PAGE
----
Your Questions, Answered – Part 4 – Crossdraft paint booth airflow & Electrical safety

ID-10026819Here is Part 4 in an ongoing series that takes real questions asked by our customers and website visitors, and provides the answer from the team of GFS experts!

Be sure to check out the previous post in this series:

Q: What are the regulations regarding intrinsically safe electronic devices inside a paint booth?  If allowed, what type of certification and enclosure does a communications device require to go into a paint booth?

A: The interior of a paint spray booth or room must meet the requirements for a Class 1 Division 1 area as defined by NFPA 33 Standard For Paint Spray Booths and NFPA 70 – Article 516 National Electrical Code. Intrinsically safe circuits are allowed in this area but must meet the requirements of NFPA 70 – Article 504 Intrinsically Safe Systems.

PQ Booth_boatinQ: What type of spray booth is best, a traditional crossdraft where the air moves front to back, or a reverse flow where the air moves from the back to front?

A: GFS Industrial Territory Manager Dave Rohland offers this response:

“In my opinion, a reverse flow is a better design than a standard cross flow. The reason I state that is as follows.

“With a reverse flow design, the product entry/exit doors are located at the exhaust end of the booth. If there is any unfiltered plant air that enters the booth through the product doors due to leaks, bad seals etc., it is drawn directly to the exhaust filters instead of being drawn down the entire length of the booth like what happens with a standard cross flow booth.”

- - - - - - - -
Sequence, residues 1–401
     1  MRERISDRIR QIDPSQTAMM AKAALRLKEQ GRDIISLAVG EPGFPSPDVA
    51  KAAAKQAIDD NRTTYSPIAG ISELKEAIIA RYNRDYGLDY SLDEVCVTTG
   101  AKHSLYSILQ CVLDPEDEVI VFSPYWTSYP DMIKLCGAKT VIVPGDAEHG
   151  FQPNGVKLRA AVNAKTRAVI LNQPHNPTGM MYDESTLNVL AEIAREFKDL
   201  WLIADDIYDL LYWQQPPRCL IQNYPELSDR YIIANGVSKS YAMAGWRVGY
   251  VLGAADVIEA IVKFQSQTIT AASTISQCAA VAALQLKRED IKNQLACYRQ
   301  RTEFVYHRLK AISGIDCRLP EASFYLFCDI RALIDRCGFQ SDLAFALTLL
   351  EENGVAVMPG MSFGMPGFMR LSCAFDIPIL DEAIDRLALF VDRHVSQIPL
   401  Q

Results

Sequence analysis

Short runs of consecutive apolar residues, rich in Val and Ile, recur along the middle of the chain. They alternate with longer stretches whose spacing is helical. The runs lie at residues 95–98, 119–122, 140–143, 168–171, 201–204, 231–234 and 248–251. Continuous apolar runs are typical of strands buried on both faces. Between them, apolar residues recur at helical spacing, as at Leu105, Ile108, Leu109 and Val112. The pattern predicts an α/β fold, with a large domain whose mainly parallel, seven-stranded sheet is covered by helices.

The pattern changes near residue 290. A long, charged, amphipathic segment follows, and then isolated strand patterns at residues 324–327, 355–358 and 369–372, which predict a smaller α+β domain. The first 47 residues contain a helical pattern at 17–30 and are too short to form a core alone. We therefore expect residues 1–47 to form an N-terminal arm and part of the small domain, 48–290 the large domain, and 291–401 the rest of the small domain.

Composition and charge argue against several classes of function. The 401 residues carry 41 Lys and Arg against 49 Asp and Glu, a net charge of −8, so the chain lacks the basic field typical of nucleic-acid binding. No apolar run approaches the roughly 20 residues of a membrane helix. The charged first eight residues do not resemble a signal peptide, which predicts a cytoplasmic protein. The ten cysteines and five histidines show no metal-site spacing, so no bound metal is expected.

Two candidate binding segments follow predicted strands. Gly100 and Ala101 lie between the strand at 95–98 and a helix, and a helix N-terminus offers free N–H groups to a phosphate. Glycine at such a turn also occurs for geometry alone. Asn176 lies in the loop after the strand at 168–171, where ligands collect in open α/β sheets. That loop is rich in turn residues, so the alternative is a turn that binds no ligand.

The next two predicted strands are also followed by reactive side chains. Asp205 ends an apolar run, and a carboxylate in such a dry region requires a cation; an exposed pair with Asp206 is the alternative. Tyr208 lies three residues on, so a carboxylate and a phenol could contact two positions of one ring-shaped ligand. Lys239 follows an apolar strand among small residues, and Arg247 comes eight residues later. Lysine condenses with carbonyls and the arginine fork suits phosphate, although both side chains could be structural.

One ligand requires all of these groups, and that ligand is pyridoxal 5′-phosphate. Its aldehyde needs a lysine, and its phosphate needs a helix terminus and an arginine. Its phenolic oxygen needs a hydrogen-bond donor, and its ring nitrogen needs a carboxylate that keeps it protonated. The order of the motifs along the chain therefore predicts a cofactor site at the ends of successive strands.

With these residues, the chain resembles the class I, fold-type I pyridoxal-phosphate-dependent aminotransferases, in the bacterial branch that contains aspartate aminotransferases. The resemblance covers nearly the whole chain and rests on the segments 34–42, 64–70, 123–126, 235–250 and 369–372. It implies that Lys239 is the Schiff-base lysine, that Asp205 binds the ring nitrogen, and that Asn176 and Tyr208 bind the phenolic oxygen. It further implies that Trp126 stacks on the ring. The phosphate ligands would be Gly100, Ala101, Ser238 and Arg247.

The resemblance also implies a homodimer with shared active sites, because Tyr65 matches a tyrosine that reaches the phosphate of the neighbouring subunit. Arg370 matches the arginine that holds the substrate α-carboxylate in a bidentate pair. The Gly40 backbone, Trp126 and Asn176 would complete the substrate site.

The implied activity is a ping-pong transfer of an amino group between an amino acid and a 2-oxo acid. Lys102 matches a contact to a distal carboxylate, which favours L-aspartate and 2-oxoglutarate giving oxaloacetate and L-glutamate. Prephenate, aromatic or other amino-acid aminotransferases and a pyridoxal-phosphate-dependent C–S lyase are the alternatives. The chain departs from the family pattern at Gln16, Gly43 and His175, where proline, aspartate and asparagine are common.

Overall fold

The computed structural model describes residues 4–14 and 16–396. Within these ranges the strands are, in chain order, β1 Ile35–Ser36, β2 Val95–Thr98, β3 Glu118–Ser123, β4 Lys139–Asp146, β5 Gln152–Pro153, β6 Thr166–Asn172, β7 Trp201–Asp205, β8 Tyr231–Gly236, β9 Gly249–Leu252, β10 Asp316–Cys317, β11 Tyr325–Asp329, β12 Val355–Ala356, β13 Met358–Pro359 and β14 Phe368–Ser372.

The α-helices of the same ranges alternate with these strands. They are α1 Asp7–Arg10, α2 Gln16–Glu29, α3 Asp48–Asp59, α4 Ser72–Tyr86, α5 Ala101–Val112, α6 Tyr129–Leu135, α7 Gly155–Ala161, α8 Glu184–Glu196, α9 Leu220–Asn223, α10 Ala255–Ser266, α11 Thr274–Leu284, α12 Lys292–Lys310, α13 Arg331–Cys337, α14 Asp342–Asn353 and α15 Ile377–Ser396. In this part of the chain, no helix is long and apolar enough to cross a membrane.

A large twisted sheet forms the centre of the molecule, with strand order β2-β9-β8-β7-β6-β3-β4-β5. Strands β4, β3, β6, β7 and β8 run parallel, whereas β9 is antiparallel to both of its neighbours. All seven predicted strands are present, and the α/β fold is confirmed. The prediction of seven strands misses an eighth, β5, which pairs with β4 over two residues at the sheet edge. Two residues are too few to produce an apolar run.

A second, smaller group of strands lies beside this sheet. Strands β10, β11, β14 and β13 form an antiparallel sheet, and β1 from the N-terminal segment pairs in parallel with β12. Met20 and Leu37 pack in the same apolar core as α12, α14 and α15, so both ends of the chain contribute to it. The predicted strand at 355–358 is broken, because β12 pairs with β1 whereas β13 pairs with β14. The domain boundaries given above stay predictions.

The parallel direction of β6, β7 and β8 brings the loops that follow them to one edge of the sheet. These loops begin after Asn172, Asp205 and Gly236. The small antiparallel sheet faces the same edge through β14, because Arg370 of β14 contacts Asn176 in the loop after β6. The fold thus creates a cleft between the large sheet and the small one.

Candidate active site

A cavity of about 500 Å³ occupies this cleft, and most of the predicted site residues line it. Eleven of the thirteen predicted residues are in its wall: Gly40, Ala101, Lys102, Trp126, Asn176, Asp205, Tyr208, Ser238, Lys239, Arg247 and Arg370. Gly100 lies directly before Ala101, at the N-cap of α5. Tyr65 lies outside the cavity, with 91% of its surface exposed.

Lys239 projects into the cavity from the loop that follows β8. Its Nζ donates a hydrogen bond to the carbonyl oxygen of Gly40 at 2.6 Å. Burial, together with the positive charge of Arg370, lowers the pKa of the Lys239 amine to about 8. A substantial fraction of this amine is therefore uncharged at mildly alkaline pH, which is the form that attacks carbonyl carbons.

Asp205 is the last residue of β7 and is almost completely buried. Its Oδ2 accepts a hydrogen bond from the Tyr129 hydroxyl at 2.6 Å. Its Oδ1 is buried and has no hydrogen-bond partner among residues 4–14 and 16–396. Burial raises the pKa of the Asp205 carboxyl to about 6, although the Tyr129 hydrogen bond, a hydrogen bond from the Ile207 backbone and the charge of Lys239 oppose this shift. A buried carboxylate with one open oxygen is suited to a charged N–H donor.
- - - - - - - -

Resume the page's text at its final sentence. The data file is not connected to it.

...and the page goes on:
Q: We are a joinery company and have a booth with a 3.0m wide dry back extract for lacquer finishing. Our insurance company have raised concerns regarding the zoning within the room. Is there specific guidance where a particular zone starts or is the whole booth regarded as one zone?

A: In both the US and Europe the interior volume of a spray booth is considered to be a single area classification.

In the US, NFPA 33 (Standard for Spray Application Using Flammable or Combustible Materials 2011 Edition) provides guidance on the electrical area classifications in and around a spray booth. It states that the interior of a spray booth or spray room is considered Class I, Division 1. The external volume within 915 mm (3 feet) of openings, including closed doors, is Class I, Division 2.Chapter 6 provides diagrams for the various styles of booths as well as for open spraying.

In Europe, the standard is EN 12215 Coating plants – Spray booths for application of organic liquid coating materials – Safety requirements. In the 2009 Edition, the Zone classification is based upon the concentration of flammables. It states that if you are between 25% and 50% of the LEL, then the interior of the spray booth is Zone 1. If you are less than 25% of the LEL, then the interior is Zone 2. In all cases, the external volume within 1 m of permanent openings is classified Zone 2. This information is taken from Section 5.7.2.3 and Figures A.1 and A.2.

In addition to following industry codes and standards, we recommend that you consult with the local authority to ensure you are in compliance with local codes and standards.

More Information:

If you have a question of your own for the GFS Team, submit it here -> Ask the Experts

And be sure to check out the resources and helpful info we have on the GFS Finishing Academy.

2 thoughts on “Your Questions, Answered – Part 4 – Crossdraft paint booth airflow & Electrical safety

  1. This is a great Q&A series. Very informative and well written. Thanks for taking the time to do this. There are so many of us out here with a lot of questions and not too many sources of answers.

    1. Thanks very much for the comments! We are really happy you’ve found these articles helpful. Please don’t hesitate to let us know if you have any questions of your own that you’d like to get answered. We’re happy to help!

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